- It’s possible to go backwards and the particles will slowly find their old position in the outer orbits.
Writing down those details helped me to gather all requirements for the visualisation, so I could start working.
Programming the visualisation turned out to be a really challenging road with many dead ends. Here’s how I found my way through:
Creating my circular flow fields
My first idea for recreating the particle orbit was to use a flow field. This means that you think about your screen as a grid and for each grid cell you create an arrow. Each arrow represents a force pointing in the direction of the arrow. Whenever an object (known as an ‘autonomous agent’ is above the cell of the flow field this force is applied to the agent and it moves in the direction of the arrow. Here you can see an example:
My idea was to create a flow field where the arrow directions form a circle. Each particle in the orbit would be represented by an autonomous agent. In order to do this I had to learn how to calculate the correct angle for each arrow. I have recently improved my knowledge about trigonometry from reading The Nature of Code and working with Khan Academy. But there is a big difference between learning about different math concepts and applying them when needed.
I did not make any progress in rotating the force arrows for my circular flow field for many hours, which was pretty frustrating. In order to improve my understanding of the problem I created a debugging tool which showed me how trigonometric functions change when the angle of one agent is adjusted. I was able to find a solution to re-compute arccosine based on the y-position of an agent when it is moved.
Being able to interact with my problem helped me a lot. However, this approach is a really complicated solution! Some days later I learned about the trig. function atan2 which solved everything in one line of code. So on the one hand I spent several hours coming up with a solution I would later throw away, but on the other hand I improved my understanding of trigonometric functions along the way. I had learnt something, so it wasn’t a total waste of time.
After the flow field was in place I was thrilled to place my particles in the flow field and let them loose. By now I had added the second and third circle fields and the whole orbit looked like this:
Adding a steering behaviour to the autonomous agents
Unfortunately, as soon as the particles started to accelerate they quickly went off the flow field and were gone forever. Hmm… My first idea for tackling this issue was to add more forces to restrict the particle movements. But this seemed really complicated again. Instead, I tried a different solution.
I remembered reading about autonomous agents with steering behaviours in The Nature of Code: I knew it was possible to move an agent to a specified target point, so the solution I ended up with was to constantly update the specified target point to move the particles along a circular path.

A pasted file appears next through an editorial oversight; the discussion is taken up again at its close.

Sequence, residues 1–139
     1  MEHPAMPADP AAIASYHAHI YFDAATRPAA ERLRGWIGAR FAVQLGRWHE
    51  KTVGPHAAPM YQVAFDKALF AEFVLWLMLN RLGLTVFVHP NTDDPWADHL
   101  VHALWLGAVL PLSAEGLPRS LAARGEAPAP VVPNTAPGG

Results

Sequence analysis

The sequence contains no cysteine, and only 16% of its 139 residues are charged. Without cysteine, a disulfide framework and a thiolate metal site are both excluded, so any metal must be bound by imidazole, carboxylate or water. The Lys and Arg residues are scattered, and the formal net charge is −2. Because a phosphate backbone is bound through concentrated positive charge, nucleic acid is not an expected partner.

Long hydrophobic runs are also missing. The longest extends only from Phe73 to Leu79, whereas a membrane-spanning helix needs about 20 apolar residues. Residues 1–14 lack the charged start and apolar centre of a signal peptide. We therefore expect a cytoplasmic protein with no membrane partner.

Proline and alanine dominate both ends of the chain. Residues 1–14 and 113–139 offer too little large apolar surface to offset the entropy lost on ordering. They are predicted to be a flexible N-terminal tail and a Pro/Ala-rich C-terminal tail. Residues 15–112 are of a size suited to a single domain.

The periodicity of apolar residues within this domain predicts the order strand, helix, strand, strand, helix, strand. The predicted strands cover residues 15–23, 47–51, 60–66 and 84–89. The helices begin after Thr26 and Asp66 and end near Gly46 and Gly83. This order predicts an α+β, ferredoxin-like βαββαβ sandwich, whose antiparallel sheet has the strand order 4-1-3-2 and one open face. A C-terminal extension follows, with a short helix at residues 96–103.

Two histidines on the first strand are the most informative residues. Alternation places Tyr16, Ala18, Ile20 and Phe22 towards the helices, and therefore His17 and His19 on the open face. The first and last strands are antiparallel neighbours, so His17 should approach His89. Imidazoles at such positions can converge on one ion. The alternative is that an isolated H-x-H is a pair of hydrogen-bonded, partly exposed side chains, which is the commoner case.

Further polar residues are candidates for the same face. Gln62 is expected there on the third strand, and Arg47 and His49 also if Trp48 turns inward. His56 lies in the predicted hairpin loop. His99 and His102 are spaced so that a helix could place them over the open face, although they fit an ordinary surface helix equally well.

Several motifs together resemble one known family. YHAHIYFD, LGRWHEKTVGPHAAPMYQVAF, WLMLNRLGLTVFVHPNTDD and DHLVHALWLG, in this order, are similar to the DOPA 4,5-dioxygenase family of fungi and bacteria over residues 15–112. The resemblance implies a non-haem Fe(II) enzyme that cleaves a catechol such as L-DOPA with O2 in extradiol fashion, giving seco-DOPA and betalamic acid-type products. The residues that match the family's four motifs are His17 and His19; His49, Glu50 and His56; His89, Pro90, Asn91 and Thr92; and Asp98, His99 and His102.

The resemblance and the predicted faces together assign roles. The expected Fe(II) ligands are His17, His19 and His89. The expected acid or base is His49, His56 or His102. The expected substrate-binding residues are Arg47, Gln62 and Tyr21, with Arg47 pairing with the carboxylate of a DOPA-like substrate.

It was great to see my particles now moving in a circle and not escaping. But once again it meant I had to delete everything I’d done so far with the flow fields. On the plus side, at least taking a wrong turn in the beginning turned into a great opportunity to improve my flow field knowledge :-)
After the first particle orbit was in place I created a scroll transition so that the small venue circle is displayed after you start to scroll through the visualisation.
This involved learning how to draw a dashed circle and curved text, since none of those functionalities are provided out of the box by Quil, the library I used to draw the visualisation. In addition I marked the band Sylvan Esso, just as in the original visualisation.
The next step was to add another scroll transition so that medium bands move into a second orbit after a certain scroll position is passed. Once again, this is done by updating the steering behaviour. In addition, the colour and opacity of the particles change based on the scroll position, and the “MEDIUM” label appears.
Once the first and second particle orbits were done, creating the third orbit was straightforward. All bands who made it big now change their colour to pink and steer towards a predefined position in the middle of the “BIG” orbit circle.
I still remember when I saw this visualisation for the first time and thought how one day I want to create something great like that, so you might guess how immensely proud I was after my recreation was finally done :D
At this point the code was a bit of a mess and I decided it was time for some refactoring. My code was cluttered with ifs, which controlled the transition stages of the different venue sizes. Clojure’s multimethod was the perfect tool to clean this up. I could specify the hierarchy which occurred in the data (big bands → medium bands → small bands) and create a multimethod which dispatched a particle dependent upon the band size and the venue size. This way, no code was duplicated, each function is responsible for one band/venue pair and depending on the state of a particle (e.g. the position of a medium band particle while the reader scrolls through and starts the big band transition) the correct code runs without any additional ifs.
Stealing this visualisation was a massive journey for me and I learned a lot. I definitely plan to steal more, and am currently looking for new challenges, so please share any worthwhile visualisations you discover with me. To put it in perspective it took me about 30 hours to complete this project, including deciding what I actually wanted to steal, and later writing up and editing this article.
The complete code for the visualisation can be found here: https://github.com/rollacaster/steal-like-a-data-visualizer
As a bonus, here are some inbetween states of my visualisations which I thought looked awesome as well!